DOHA, Qatar – European and Middle Eastern nations are set to collaborate and join the global race to scale up renewable powered desalination.
Sweden and Qatar have partnered to set up a wind and solar powered desalination project in the north of the country.
It’s anticipated that the desalination process would take 200 megawatts from solar and a further 200 megawatts from wind power, producing water at a cost of US$1 per cubic metre.
Qatari local source The Peninsula reported that Oscar Stenström, Swedish vice minister of trade said there would soon be technical workshops in Qatar to “fine tune some technical aspects” relating to a climate which is “rough with high temperature, sand, dust”.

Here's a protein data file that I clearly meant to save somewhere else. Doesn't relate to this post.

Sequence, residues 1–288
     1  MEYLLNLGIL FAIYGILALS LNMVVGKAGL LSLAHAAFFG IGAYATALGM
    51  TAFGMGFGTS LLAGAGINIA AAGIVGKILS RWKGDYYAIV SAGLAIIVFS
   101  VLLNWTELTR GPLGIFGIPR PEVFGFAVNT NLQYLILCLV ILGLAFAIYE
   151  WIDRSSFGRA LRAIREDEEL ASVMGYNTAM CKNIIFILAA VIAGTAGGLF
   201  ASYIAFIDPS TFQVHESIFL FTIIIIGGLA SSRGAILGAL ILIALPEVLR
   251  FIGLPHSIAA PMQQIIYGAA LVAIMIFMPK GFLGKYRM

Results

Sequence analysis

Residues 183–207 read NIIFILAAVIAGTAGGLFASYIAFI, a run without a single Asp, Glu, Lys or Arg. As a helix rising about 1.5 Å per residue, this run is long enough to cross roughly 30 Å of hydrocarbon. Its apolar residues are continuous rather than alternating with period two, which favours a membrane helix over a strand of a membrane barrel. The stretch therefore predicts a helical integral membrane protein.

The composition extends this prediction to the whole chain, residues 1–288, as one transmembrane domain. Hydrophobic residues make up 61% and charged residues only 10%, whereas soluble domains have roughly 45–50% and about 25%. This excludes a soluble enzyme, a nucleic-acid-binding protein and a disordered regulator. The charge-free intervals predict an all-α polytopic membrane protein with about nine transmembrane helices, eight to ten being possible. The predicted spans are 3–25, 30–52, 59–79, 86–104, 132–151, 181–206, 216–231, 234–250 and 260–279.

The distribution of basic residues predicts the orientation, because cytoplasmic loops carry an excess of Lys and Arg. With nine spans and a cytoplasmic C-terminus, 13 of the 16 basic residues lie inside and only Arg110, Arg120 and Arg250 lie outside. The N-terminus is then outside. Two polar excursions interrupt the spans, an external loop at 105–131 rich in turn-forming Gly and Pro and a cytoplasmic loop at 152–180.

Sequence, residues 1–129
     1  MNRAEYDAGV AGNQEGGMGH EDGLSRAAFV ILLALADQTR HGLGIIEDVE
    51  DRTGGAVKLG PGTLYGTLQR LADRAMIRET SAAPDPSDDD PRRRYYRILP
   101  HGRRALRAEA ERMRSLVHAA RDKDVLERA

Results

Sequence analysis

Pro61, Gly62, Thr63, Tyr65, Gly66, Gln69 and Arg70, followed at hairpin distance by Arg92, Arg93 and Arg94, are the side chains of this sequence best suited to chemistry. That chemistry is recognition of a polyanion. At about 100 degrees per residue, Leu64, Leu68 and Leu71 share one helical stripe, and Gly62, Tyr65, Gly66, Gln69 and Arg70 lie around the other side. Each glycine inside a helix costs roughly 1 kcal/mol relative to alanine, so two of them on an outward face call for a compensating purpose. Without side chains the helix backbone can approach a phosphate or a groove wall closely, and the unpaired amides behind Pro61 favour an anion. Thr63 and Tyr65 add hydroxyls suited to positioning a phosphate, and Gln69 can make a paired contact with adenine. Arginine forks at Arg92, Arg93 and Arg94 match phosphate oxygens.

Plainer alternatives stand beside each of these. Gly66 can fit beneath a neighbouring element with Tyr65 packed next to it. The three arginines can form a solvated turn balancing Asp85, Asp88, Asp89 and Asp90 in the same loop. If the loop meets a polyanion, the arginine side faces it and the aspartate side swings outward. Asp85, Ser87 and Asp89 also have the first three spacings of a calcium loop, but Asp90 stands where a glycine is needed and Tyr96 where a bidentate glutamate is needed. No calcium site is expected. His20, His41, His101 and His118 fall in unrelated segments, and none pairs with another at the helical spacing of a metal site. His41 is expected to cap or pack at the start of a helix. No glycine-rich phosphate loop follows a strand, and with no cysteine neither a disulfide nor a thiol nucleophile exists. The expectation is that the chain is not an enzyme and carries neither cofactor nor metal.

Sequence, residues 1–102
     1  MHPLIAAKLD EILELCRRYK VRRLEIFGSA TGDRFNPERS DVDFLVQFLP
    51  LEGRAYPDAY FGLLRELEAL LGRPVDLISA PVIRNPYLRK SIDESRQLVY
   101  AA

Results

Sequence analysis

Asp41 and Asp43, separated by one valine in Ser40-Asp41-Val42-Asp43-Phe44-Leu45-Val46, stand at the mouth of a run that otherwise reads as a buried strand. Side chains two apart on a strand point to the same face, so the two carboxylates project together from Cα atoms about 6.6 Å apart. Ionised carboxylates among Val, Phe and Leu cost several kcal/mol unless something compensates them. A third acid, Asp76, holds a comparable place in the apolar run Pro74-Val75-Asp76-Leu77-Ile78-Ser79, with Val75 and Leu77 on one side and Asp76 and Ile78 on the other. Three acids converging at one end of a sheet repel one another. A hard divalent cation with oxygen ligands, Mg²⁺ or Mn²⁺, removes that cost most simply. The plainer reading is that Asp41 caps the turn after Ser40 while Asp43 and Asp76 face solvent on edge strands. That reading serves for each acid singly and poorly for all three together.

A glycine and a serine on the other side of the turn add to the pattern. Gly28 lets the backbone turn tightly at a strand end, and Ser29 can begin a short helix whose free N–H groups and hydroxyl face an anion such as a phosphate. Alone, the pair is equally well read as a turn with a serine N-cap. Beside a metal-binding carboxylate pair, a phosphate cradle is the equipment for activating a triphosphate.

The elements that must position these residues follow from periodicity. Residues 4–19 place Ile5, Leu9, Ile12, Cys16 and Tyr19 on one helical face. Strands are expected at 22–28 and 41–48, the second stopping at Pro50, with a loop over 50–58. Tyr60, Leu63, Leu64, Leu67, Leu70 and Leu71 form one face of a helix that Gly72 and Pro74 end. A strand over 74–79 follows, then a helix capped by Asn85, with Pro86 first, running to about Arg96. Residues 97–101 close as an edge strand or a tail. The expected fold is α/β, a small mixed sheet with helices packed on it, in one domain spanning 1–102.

Utility Kahramaa and production company Qatar Electricity and Water Company (QEWC) are expected to be involved in the project, as well as Swedish companies Monsson Energy AB and Sweco AB.
Qatar is one of Sweden’s priority markets for export, among 26 countries, including Saudi Arabia and the UAE. In 2016, Sweden exported goods worth QR500m to Qatar in 2016.
Historically, the majority of Qatar’s drinking water has been provided by large-scale thermal desalination plants. Earlier this month, an extension to one of the country’s largest power and water complexes marked the start of a transition to membrane-based desalination (read article).
The Swedish/Qatari renewable desalination project joins the list of small scale, renewable powered desalination projects in the region, with Abu Dhabi, Ras Al Khaimah and Saudi Arabia having already put their hats into the ring.